For many people in North Carolina, Chapter 7 bankruptcy can offer a route out of a difficult financial situation. People have the opportunity for debt relief through the liquidation of their assets, and their creditors can claim proceeds from the bankruptcy estate in order to settle outstanding debts. In many cases, people file for Chapter 7 bankruptcy because they do not have the funds to pay off their debts, so some creditors may receive only a small portion of the original debt or nothing at all.

The sale of assets and the distribution of payments to creditors is not handled by the person filing for bankruptcy. Instead, a trustee appointed by the court manages this process and determines how much to pay creditors. Before any creditor can receive payment, however, they must file an official Proof of Claim with the bankruptcy court. This form must include the name of the person filing for bankruptcy, the case number of the claim, the creditor’s name and address and the amount owed. It must also specify whether the debt is secured by collateral or not.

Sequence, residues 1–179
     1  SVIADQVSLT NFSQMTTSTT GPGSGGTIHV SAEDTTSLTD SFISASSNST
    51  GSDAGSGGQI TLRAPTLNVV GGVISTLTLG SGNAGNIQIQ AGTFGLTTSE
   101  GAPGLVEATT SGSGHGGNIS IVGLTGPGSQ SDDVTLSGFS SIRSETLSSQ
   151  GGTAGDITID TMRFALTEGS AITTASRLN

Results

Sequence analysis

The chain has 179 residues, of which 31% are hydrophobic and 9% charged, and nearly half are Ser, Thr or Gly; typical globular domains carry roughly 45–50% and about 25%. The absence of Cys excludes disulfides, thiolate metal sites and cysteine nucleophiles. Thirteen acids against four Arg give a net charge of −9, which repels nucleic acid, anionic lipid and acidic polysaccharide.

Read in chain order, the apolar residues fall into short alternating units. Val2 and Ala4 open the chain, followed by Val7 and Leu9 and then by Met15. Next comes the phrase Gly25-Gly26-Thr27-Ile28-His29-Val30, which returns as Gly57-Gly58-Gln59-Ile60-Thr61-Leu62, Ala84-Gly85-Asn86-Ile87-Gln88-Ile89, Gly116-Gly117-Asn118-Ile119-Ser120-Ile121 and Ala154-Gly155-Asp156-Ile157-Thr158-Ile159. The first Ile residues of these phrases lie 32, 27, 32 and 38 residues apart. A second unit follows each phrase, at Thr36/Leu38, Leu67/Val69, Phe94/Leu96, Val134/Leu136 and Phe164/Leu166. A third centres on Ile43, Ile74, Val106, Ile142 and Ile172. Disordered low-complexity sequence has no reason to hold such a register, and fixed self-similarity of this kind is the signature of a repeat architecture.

Some claims are considered to deserve priority treatment, handled before other debts are settled. Priority debts include child support, spousal support, wages and benefits for employees and tax debts. The trustee will announce whether the bankruptcy case is an “asset” or “no-asset” case; creditors may expect no payment at all from bankruptcy cases where a person simply does not have the assets to pay off claims. In order to receive any funds, creditors must file their claims before the deadline.

People may find themselves facing collector calls, lawsuit threats and a declining credit score when they are unable to pay their bills. A bankruptcy law attorney may provide advice on filing for Chapter 7 for debt relief.